Teen magazine Web sites get the 411 for, and about their readers 24/7.
Editors of teen magazines know their readers can't wait for the next issue to read about Clay Aiken's new puppy, the latest episode of The O.C. and what Pink wore at the latest awards show. But they can use the Internet's real-time polls and message boards as an outlet for teen chatter. With opinionated and Net-savvy readerships, and with multimedia technology not available on the printed page, teen magazines are using the Web to build loyal online communities, which in turn influence the print product.
Editors say that most site users have already read the magazine and are drawn to the Web for more scoop. "But it's no fun to go to a site and only get a couple repurposed stories," says Andrea Pyros, executive editor of Gruner + Jahr's YM.com. To that end, each mag's site is at least 50 percent original content.
All teen magazines solicit critical reader feedback. Polls, surveys and message boards help gauge everything from celebrity popularity to opinions on the war in Iraq. "It's a way for our readers to give their opinions, share their experiences, and contribute their ideas to print. It's one of the strongest tools our print editors have to access real girls for our stories," says Fiona Gibb, Seventeen.com editorial director. Ann Shoket, CosmoGirl! executive editor, says comments on the site contribute to more than 30 percent of the pages in the Hearst title.
For Hachette Filipacchi Media's Ellegirl, "The Web site actually launched before the magazine, as a way to get readers' opinions on what they would like in it," says online editor Karen Clark.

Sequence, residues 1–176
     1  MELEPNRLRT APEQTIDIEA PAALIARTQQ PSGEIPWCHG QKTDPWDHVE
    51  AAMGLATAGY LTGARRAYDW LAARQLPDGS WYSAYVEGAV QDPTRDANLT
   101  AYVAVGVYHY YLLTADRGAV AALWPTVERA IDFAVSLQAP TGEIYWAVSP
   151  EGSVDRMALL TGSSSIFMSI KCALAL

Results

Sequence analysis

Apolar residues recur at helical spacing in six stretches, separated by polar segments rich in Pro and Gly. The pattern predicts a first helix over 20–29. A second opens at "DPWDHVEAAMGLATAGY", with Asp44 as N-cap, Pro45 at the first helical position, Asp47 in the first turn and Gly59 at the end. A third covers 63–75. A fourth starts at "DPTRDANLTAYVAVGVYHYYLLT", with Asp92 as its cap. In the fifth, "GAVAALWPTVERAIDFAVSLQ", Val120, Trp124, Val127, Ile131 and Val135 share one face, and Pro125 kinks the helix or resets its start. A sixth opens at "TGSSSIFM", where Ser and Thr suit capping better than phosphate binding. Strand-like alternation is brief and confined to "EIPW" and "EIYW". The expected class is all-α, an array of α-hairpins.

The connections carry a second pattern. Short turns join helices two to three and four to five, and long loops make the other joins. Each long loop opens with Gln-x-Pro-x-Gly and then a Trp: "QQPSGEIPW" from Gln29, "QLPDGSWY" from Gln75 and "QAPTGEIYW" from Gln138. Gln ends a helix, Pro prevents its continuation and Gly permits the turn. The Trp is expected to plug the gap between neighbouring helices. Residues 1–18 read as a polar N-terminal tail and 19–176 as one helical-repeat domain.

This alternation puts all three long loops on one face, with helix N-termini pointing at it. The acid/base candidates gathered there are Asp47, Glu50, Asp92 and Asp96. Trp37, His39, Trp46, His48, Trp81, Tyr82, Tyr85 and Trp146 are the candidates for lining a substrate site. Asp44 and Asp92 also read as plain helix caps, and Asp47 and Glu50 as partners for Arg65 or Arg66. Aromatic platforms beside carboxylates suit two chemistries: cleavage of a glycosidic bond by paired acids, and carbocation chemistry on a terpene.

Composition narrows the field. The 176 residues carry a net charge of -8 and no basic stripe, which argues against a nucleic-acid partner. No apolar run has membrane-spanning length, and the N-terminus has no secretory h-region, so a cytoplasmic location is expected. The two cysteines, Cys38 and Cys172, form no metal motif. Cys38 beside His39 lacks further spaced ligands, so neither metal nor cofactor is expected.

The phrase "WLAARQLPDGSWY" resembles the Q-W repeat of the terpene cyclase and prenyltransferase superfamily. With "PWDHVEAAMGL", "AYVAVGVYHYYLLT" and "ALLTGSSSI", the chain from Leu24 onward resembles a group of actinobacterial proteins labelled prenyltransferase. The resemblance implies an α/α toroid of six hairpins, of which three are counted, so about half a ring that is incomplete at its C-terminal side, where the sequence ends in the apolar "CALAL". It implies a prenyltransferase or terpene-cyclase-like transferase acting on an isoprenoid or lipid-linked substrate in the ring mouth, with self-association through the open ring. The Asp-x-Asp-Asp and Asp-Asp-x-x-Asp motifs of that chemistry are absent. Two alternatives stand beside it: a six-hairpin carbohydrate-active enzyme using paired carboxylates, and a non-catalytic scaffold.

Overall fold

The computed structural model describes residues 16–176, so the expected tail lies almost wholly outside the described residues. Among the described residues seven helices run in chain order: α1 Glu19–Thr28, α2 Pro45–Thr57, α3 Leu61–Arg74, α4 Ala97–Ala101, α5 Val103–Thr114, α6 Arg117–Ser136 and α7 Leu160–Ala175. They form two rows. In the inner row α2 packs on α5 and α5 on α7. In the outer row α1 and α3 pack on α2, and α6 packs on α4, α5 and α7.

Online, editors can react quickly to their readers' needs. The day after the American Music Awards, Teen People's site posted event photos and news items, says Molly Aboud, the online executive editor. TP also offers video and audio clips that go behind the scenes on Britney Spears' latest music-video shoot—content impossible for the printed page. (As a Time Inc. property, the site is available only to AOL members and subscribers or newsstand buyers of the magazine.)
Condé Nast's Teen Vogue Web site has only been up since January, but it's already moving beyond the boundaries of CondéNet, to which the company's other titles' sites conform. The site is using Flash technology in quizzes, a first for a Condé Nast magazine's Web site, says teenvogue.com editor Kimball Hastings. The multimedia capabilities help carry the readers' interest through the print edition's bimonthly frequency.
The Web's interactive capabilities have spread to the ad side as well. All teen sites have offered Internet-only promos, special events and sweepstakes. "On the marketing side, we can use the online medium as a tool to enrich these integrated programs," says Teen Vogue's Jane Grenier, associate publisher, marketing. Advertisers have tested ad creative and products online via the exclusive It Girls panel, she says. Pottery Barn Teen is collaborating with YM.com through January on a link that allows readers to design their bedrooms with Pottery Barn furniture.
"This age of visitor has been interacting with different media her whole life," says Grenier. "A rich, integrated Web site is crucial—you can't live in this girl's world without it."
Aimee Deeken is assistant editor at Mediaweek.